dataset:
path: /path/to/my/dataset

model:
input_size: 112
hidden_size: 128
output_size: 42
dropout: 0.1
num_layers: 3

metric: accuracy

optimizer:
name: SGD
learning_rate: 0.001
weight_decay: 1e-5

## Advantage 1: Reproducibility

Reproducibility is critical for deploying machine learning products. Teams need to be able to run an algorithm on different datasets and obtain the same (or very similar) results before putting an algorithm into production. Reproducibility quickens production pipelines because it reduces errors and ambiguity when the projects move from development to production. It also helps to create trust and credibility.

To reproduce something, you need to take a snapshot of it. Config files help your colleagues reproduce your experiment more easily in the future, which is good practice for both computer science and software engineering. Teams can spend more time making enhancements and improvements to your work instead of decoding the work you’ve already done. This helps you make progress faster.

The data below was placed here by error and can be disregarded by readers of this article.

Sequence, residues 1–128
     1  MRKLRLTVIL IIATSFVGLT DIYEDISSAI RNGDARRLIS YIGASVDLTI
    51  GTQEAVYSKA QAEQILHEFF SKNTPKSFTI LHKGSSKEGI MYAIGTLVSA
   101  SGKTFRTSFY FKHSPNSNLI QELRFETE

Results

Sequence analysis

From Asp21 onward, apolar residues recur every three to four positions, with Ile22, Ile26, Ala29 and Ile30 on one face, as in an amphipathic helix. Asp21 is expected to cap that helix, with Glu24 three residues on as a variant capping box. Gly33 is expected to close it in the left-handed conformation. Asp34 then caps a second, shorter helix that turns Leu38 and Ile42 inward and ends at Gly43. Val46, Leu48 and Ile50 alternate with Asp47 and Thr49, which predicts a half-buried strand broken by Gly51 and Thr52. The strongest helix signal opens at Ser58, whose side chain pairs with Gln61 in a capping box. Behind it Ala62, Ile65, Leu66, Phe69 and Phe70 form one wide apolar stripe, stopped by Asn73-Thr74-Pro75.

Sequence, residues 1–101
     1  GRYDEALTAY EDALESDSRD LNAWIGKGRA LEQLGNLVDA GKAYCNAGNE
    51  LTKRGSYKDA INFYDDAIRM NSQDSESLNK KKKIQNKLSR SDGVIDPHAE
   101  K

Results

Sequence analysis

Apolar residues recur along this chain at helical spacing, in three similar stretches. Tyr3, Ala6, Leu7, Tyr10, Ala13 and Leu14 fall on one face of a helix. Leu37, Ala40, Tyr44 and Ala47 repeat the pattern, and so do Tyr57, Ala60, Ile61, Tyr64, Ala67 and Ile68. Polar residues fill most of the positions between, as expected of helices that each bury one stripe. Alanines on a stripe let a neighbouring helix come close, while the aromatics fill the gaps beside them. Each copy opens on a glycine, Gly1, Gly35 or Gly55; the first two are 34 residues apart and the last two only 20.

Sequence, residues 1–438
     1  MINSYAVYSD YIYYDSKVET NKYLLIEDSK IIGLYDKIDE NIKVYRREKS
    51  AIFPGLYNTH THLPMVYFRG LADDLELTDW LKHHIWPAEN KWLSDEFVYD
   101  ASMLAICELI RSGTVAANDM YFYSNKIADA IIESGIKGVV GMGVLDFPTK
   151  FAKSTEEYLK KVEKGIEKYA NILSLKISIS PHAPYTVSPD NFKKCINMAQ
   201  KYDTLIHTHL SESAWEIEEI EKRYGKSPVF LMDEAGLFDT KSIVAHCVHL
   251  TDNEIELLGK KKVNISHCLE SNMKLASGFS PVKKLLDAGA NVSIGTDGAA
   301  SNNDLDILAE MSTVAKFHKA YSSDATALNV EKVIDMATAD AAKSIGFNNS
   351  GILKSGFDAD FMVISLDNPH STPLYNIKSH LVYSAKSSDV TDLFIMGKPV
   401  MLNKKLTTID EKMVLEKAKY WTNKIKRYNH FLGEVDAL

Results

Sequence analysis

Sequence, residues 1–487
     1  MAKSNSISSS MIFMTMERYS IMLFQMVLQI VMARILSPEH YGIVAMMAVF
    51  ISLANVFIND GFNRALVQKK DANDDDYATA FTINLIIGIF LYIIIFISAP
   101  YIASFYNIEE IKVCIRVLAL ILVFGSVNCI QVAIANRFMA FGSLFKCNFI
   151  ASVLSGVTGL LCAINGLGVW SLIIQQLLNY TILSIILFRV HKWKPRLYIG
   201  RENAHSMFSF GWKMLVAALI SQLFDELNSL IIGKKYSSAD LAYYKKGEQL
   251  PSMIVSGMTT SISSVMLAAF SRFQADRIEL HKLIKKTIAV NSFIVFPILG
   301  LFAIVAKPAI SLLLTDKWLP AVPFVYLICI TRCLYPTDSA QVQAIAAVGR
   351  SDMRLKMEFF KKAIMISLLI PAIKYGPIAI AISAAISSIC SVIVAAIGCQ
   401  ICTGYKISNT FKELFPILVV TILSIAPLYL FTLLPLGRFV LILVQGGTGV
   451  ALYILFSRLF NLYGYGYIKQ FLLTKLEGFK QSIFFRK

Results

Config files are also friendly with versioning tools like git. It’s easy to keep track of config files in the repository with the code and to version them. Version control allows you to keep a record of what changes were made and the commit message provides the reason why the change was made. If a change has unintended side effects, it is easy to review the history to see what change caused the effects.

## Advantage 2: Simultaneous Collaboration and Parallel Experiments